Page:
Information for the public



Autism is a condition that affects brain development, which means that the brain develops in a different way from other people. There are different types of autism including atypical autism and Asperger's syndrome. This information covers all types of autism.

Although autism affects people in different ways, the main symptoms are:

  • finding it hard to deal with social situations, such as understanding other people's emotions, expressing one's own feelings and thoughts, and maintaining eye contact; some people with autism may prefer to be on their own

  • having difficulties with speech and communicating with other people, responding to their facial expressions or tone of voice, and understanding common sayings; some people with autism may have limited speech or prefer to communicate with sign language

  • having narrow interests or obsessions, repeating routines or movements (such as rocking) or finding it hard to prepare for change or plan for the future

  • being under- or over-sensitive to sound, light, colour, smell and taste (called sensory sensitivity).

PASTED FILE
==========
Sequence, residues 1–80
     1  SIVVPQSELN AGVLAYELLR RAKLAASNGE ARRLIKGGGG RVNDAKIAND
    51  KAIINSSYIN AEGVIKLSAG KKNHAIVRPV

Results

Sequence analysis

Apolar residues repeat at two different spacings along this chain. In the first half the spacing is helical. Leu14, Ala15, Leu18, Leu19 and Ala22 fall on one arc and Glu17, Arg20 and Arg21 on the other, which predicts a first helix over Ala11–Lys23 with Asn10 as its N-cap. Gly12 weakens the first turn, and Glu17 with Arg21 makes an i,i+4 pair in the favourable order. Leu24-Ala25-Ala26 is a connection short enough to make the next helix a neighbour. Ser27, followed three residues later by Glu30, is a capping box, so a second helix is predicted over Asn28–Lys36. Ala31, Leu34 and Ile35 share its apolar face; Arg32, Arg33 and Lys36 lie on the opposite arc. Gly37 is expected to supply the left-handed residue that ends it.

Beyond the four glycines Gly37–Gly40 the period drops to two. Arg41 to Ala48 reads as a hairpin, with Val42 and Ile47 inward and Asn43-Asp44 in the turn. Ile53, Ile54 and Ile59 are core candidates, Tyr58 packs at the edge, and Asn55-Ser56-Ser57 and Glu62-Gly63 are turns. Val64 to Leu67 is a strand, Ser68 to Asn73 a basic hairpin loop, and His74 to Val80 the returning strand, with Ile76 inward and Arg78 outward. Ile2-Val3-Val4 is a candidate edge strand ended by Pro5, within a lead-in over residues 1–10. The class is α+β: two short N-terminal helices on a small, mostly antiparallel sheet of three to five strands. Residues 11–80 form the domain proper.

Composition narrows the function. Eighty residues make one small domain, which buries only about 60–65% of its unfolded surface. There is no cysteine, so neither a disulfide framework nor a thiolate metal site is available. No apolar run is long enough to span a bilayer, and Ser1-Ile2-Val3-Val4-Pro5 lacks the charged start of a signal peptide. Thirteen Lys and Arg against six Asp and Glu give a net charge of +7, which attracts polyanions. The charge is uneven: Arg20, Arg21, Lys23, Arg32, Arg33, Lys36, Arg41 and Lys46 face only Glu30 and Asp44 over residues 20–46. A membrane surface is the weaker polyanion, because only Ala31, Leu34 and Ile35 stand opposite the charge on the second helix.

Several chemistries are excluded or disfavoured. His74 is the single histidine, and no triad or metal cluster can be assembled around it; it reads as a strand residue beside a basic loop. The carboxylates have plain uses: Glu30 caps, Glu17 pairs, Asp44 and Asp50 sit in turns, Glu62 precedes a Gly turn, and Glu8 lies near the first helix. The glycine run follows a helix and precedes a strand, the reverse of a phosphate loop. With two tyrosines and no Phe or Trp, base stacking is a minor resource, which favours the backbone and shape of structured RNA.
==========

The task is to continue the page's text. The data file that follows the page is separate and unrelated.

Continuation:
Although autism is a lifelong condition, some adults with autism are able to live fairly independently. Others may also have a learning disability and need support and care throughout their lives. Some people with autism may also have other difficulties, such as a mental health problem (see 'What treatments should I be offered if I also have a mental health problem?') or they may behave in a way that other people find challenging (see 'What support should I be offered for challenging behaviour?').

This information uses the word 'autism', but there are other terms that different people prefer to use, for example autism spectrum disorder, autistic spectrum condition, autistic spectrum difference and neuro-diversity.

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